When he discusses brainstorming, he mentions taking breaks in your brainstorming sessions in order to be more successful. Notice that brainstorming is just one part of the very recursive writing process, and Daniel Pink suggests that even in that one process, there should be breaks. Maybe I just have TAKS on the mind, but I can’t help but go back to the writing TAKS test. Kids are expected to complete the entire writing process, not just brainstorming, in one sitting, at one time, with zero inspiration, and be successful. Makes me cringe!

Are we all critics?

Today my students were sharing an activity with the class. While one of my kids was sharing, another student offered criticism. (I think he told him to speak more slowly.) I stepped up (in my best protective voice) and told the student from the audience that he wasn’t a critic and he need not critique the speaker.

The student that was sharing turned to me and said, “Well we’re all critics in this day and age.” He was so matter-of-fact that he caught my attention. Who knows if he was just repeating something he heard from his parents (“this day in age” isn’t typically a kid phrase), or he just has a mature perspective for a ten year old. Either way it made me think.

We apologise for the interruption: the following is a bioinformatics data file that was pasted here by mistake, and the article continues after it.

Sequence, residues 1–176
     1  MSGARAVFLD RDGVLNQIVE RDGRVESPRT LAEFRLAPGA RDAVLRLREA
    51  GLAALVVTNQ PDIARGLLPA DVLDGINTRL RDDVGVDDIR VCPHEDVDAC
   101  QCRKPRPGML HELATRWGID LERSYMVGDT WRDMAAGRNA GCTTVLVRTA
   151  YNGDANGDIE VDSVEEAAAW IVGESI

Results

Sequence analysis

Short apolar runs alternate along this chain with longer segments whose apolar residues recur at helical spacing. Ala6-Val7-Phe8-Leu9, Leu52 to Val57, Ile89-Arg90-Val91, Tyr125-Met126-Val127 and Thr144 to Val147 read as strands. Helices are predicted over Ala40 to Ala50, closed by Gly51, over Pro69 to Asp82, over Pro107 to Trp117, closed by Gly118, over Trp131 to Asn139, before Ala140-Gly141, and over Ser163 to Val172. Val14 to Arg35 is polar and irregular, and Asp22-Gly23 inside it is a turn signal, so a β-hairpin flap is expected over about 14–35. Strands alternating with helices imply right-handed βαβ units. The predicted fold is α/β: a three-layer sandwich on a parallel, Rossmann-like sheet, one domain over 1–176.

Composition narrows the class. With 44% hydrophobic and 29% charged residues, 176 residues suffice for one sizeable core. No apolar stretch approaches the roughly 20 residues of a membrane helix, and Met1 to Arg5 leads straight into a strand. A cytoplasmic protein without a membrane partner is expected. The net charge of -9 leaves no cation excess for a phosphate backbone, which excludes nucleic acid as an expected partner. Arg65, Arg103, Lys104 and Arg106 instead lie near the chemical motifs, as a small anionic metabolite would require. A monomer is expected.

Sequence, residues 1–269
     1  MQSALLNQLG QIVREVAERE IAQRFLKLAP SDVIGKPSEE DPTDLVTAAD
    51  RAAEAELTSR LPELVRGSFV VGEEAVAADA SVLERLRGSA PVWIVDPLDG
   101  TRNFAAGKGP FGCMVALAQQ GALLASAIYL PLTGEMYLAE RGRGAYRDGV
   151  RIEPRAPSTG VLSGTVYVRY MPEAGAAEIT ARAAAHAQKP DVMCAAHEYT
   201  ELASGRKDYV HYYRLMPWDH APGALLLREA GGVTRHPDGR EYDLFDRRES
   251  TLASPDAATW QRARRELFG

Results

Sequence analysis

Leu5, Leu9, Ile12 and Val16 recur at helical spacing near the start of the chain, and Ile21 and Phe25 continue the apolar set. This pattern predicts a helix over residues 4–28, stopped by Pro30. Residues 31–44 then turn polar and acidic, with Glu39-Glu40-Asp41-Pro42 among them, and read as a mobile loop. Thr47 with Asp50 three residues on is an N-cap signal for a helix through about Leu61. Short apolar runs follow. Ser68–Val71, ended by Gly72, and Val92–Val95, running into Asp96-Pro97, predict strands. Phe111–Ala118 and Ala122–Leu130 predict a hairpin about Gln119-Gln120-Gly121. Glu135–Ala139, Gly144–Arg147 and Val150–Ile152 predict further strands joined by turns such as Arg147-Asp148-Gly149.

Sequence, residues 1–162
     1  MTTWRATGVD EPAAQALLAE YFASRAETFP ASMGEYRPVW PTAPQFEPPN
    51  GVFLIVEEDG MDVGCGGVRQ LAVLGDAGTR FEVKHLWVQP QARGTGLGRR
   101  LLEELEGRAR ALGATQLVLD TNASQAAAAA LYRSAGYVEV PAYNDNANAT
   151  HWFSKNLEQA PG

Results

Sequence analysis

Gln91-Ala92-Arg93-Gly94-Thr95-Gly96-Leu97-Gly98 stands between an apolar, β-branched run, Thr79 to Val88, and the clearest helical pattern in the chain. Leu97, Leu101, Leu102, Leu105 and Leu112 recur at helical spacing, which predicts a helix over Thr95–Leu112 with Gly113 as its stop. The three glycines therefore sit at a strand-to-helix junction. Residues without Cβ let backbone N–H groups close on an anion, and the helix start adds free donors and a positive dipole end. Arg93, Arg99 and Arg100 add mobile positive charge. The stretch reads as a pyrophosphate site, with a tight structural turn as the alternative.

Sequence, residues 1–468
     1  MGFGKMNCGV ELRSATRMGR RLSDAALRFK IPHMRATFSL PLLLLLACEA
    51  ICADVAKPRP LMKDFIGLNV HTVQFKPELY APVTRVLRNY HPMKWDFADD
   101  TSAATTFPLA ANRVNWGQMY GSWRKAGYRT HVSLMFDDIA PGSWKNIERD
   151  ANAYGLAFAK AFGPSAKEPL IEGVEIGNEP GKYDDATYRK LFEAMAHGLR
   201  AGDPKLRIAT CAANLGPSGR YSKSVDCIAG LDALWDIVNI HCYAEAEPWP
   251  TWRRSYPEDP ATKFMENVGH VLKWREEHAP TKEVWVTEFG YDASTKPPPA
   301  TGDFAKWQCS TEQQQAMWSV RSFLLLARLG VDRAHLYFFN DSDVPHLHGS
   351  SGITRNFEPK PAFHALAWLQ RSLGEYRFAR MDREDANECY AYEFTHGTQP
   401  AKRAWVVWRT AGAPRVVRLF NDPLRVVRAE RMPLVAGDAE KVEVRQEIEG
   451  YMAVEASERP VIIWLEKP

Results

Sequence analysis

The rest of the day I found myself looking and listening for critics all around me. My student was right. We are all critics. (On some days I prefer to say know-it-alls…)

Kids say the craziest things.

Google Docs – Quizzes

I discovered a WONDERFUL resource today. I was browsing through Google for Teachers from freetech4teachers, and I read a lot about Google Docs. I have been wanting to dive into Google Docs with my fourth graders, but I haven’t quite wrapped my head around it yet. Until tonight!